Only the student body of the university can decide who is trusted with each position. The winners of the election will represent you and lobby for change on your behalf; by voting, you hold the most power in deciding who works with the union and
university to make changes which affect your academic, extracurricular, and community lie in Plymouth.
If you are unhappy with the elections process, you can also spoil your ballot at the point of voting or vote to Re-Open Nominations.
Both options are more powerful than choosing to not vote.
How Do I Know Who To Vote For?
Vote for the candidate who you feel would best listen to you and represent your interests to the union and the university. Try to avoid voting for someone just because they are your friend; your vote is strictly your decision, and you do not have
to reveal who you voted for.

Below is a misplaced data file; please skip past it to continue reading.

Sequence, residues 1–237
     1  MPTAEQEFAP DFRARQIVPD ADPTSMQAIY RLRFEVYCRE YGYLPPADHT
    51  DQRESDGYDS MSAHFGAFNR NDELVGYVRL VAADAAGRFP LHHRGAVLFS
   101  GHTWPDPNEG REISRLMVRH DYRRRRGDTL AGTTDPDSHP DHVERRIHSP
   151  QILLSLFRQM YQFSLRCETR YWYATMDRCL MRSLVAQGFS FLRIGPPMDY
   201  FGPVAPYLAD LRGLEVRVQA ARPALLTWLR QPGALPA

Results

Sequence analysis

Candidates will begin campaigning at the start of the voting week; you can keep an eye out for posters, on social media, and on the union’s website for their manifestos. Their manifestos explain who
they are, why they are appropriate for the role, and what changes they will seek to make if they are elected.
Be as critical as possible when reading a manifesto; are the candidate’s pledges achievable within a year? Will you be
able to tell if they are making any progress, or are they making generic, open-ended statements?
What If I Don’t Like Any Of The Candidates?
You can vote for RON - Re-Open Nominations. If RON is the most popular “candidate” for a position, nobody is elected into that role and the union will open nominations again.
So Do I Only Get One Vote?
You have one vote per position up for election; click here to see which positions are open for election. However, the union uses the Alternative Vote (AV) system. Unlike “traditional” voting, AV offers wider choice and means you can
maximise the outcome of your vote. To give an example of how AV works, imagine your mate is nipping to Greggs for lunch, and offers to bring you back something. You reply that a steak bake would be ideal, but if they’re sold out, a sausage